Burning CDV or SCVD
When people talk about burning movies on disk, you probably think of DVDs. After all, the DVD format is very popular in the US and many over-hyped computer commercials taut how easy it is to burn your movies onto a blank DVD disk.
However, burning a DVD is not necessarily an easy or inexpensive endeavor. While the price of computer DVD writers and blank disks are coming down rapidly (and will soon be as ubiquitous as CD-writers), burning your own DVD can be pricey. DVD writers cost about $300 and good DVD media still costs over $4 (8 dollars in the store).
To further confuse the picture, DVD (as a recording format) has not yet matured. There are several different disk formats (DVD-R, DVD+R, and DVD-RAM) and each has variable compatibility with set-top DVD players. In addition, every brand of blank DVD has different compatibility Ö a homemade movie burned onto a Verbatim DVD-R may play on different DVD players than the same movie burned on a Pioneer DVD-R.
Enter the VCD
If you donít want to spring for a DVD writer, there is a cheaper alternative. Using your computerís CD-writer you can burn your movie onto a normal CD-R blank, and create a VCD, or ďvideo cd.Ē This format is very popular in Asia, and has been around longer than DVD. Part of VCDís popularity is that these movies are burned onto normal CD blanks Ö cheap CD-Rís that you can buy for 15 cents each! The affordability of VCDs allows you to experiment and distribute your video to friends at very low costs. These VCDs will play in most tabletop DVD players, though some older DVD players have problems recognizing them.
Whatís the catch?
The video quality of a VCD is much lower than a DVD. Thatís because a CD-ROM can only hold 650 Megs of data, compared to DVDís 8 gigs (for a dual-layer DVD). To fit video into that tiny space, VCD video is highly compressed and runs at 352x240 resolution (compared to DVDís resolution of 720 by 480). The picture quality for a VCD is roughly comparable to VHS tape. However, with VCDís you may see some compression artifacts (edge blockyness) during dark, fast-motion scenes. VCD sound quality, however, is excellent and full stereo.
A VCD can only hold 76 minutes of video, so VCD movies are typically split over two CDís. You can think of a VCD as the video equivalent to an audio CD Ö as they both hold only 76 minutes of data.
How do you make a VCD?
To make a VCD, you need to encode your video into VCD-compliant MPEG1 video file. Many video editing software packages will let you export your final movie directly into this video format, and some will even burn the VCD for you. The major burning software (Roxio and Nero) will both burn VCDs, though you may need an encoder to create the MPEG1 file first.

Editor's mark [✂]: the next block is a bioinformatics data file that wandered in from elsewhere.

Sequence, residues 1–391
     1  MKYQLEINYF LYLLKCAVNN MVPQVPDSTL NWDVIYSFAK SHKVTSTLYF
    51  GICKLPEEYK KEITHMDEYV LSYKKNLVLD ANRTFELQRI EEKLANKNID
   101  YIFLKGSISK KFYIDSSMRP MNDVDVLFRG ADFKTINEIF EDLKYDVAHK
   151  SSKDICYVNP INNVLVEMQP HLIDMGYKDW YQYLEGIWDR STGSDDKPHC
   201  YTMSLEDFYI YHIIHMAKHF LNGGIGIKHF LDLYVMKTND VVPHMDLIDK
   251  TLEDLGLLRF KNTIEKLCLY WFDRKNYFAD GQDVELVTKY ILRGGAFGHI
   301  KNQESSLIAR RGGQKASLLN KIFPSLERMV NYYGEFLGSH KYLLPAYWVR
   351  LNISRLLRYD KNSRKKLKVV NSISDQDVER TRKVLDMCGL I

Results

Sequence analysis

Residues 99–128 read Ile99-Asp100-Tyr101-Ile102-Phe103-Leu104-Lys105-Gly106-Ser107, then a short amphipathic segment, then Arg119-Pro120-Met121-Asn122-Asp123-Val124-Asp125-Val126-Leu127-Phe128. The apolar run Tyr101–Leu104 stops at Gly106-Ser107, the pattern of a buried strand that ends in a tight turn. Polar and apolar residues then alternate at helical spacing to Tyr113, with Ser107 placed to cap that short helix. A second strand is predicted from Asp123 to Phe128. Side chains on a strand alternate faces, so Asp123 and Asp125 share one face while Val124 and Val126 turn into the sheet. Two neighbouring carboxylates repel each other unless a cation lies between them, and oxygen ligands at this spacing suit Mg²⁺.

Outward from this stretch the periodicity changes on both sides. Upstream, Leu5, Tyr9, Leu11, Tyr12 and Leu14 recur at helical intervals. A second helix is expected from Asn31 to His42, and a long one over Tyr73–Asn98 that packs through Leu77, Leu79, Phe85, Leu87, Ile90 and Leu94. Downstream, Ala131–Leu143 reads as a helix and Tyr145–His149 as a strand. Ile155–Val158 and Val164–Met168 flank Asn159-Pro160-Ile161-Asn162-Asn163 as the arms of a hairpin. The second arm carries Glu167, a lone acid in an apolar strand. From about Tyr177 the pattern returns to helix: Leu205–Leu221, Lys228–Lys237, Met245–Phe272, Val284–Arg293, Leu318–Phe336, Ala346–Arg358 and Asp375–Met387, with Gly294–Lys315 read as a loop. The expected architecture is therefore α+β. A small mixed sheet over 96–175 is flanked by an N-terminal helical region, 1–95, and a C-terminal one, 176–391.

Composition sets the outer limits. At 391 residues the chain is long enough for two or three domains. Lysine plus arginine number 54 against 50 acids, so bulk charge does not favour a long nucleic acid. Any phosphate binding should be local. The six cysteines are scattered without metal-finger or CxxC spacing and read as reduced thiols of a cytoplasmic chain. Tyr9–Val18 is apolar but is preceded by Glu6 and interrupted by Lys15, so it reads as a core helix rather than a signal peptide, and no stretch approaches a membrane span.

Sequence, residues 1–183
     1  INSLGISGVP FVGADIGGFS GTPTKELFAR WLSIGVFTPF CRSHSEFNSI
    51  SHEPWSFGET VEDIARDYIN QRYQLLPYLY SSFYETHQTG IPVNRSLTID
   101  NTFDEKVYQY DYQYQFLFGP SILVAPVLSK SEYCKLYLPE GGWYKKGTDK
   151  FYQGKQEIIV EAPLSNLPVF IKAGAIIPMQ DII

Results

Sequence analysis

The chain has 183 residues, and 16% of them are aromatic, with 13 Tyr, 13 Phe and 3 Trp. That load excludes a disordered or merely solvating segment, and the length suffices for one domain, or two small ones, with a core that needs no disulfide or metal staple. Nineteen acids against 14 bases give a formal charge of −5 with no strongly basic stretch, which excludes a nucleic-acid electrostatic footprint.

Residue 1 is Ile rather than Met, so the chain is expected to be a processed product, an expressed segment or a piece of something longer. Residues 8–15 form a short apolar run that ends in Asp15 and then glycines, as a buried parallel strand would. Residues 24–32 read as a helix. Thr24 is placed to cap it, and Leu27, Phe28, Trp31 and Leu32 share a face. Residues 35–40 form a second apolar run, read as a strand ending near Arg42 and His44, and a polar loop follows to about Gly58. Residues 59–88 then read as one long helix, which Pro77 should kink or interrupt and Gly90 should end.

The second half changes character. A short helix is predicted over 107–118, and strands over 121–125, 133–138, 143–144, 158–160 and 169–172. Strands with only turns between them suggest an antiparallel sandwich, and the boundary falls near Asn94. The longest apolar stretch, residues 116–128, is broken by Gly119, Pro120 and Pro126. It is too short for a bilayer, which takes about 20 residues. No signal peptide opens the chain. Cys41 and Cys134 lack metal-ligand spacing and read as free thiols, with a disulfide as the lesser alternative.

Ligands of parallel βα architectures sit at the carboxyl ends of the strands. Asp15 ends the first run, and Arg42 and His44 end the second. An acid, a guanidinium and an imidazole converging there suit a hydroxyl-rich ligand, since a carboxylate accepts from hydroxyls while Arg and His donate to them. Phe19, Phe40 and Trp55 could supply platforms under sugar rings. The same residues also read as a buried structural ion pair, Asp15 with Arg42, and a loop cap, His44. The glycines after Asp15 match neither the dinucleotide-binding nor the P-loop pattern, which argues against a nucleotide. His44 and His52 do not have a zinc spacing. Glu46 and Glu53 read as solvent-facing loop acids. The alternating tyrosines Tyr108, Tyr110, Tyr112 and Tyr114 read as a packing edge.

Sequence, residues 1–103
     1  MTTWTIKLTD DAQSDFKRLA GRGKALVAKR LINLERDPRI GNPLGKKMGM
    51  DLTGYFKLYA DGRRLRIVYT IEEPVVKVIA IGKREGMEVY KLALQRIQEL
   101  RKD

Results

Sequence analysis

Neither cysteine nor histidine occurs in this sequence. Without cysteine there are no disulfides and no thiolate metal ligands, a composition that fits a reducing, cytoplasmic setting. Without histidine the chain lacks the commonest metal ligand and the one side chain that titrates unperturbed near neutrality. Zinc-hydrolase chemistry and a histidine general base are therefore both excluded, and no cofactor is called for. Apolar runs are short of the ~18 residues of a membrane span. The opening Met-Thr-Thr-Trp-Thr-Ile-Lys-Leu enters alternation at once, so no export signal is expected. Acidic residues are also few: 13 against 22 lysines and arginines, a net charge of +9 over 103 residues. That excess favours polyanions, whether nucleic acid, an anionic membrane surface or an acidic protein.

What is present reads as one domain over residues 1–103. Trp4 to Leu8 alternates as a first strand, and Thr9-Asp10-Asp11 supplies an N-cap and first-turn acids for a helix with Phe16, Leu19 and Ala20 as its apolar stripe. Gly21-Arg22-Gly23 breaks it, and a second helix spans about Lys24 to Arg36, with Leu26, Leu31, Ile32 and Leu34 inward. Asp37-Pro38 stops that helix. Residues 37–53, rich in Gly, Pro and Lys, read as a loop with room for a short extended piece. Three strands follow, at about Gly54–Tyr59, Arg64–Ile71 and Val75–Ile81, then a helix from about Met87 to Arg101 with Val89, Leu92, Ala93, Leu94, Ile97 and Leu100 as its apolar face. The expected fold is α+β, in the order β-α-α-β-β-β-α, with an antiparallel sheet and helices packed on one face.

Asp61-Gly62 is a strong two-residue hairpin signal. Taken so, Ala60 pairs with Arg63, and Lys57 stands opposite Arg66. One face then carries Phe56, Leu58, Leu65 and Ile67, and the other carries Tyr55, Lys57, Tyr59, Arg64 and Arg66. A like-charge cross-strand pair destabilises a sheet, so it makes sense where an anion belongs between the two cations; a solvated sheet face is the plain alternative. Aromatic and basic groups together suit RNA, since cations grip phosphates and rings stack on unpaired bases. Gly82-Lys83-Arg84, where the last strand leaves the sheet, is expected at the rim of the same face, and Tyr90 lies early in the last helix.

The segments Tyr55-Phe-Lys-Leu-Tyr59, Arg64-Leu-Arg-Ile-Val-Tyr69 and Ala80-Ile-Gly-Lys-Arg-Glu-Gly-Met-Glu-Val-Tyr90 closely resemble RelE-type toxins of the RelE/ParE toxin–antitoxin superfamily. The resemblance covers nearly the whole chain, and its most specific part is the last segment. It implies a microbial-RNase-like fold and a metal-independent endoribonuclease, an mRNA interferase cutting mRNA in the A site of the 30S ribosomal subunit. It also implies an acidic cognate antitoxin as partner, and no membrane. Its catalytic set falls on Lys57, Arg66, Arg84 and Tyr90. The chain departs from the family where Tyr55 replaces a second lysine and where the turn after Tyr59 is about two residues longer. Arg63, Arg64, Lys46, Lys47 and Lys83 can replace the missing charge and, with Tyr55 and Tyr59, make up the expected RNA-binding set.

What is MPEG1 video?
MPEG1 video is a compression algorithm that yields very good video at low bit rates. Better yet, itís non-proprietary (neither Microsoft, Apple, nor Real own it) so you can think of MPEG compression as the video equivalent of MP3 music compression. DVDs themselves are encoded with second generation MPEG2 compression format -- this encoding format yields fantastic quality, but generates large files sizes and takes more processing power to encode/decode.
To convert my digital video files into VCD, I either export the video out of Adobe Premiere as a VCD file, or I use the TMPGE Tsunami encoder. This encoder is a great piece of software that I use almost daily to convert my digital video DV-AVI files into MPEG1 files for VCD and MPEG2 for DVD. I can also compress my videos into smaller MPEG1 files for watching on my PocketPC.
Burning the VCD
After encoding your video(s) into the appropriate MPEG1 format, you can then burn it onto a CD-R. To burn a VCD, you have to tell your burning program to specifically burn a VCD. You canít just copy the files onto a CD-ROM and expect it to play ... the way that VCDís are burned is much different than a normal CD-ROM. You have to tell your burning software to specifically burn a VCD. Fortunately, most burning software have helpful wizards to walk your through this.
Watching on your DVD player!
Once youíve created your VCD you can pop the disk into your DVD player and watch it. Keep in mind that DVD players can be finicky when it comes to home-made VCDs (this is also true of home-made DVDs) and you may have to experiment with different brands of CD-R media until you find one that your player likes. To find out which media is compatible with your DVD player, you may want to read the user-comments left at VCDhelp.com. From my experience, the cheapest CD-Rs seem to work the best. Also, among the DVD players that Iíve tested, the Sonyís had the most problems recognizing disks, while my Pioneer player will read anything you throw at it.
What about SVCD?
SVCD, or ďSuper video CD,Ē works just like a VCD and is also written onto blank CD-Rs. However, SVCDs are created with the higher quality MPEG2 compression (similar to DVD encoding) with higher 480x480 resolution. The resulting video looks much better than VCDs, but still worse than DVD. Using this format, you can fit about 35 minutes of video onto a CD. Fewer DVD players can actually play SVCDs, but if yours can, then this is a great format for showing off your home movies to friends as the video quality is pretty great.
You can find more useful home-video "tips and tricks" like this one at www.mightycoach.com - they even have an online-video course that teaches you to edit video on your home computer!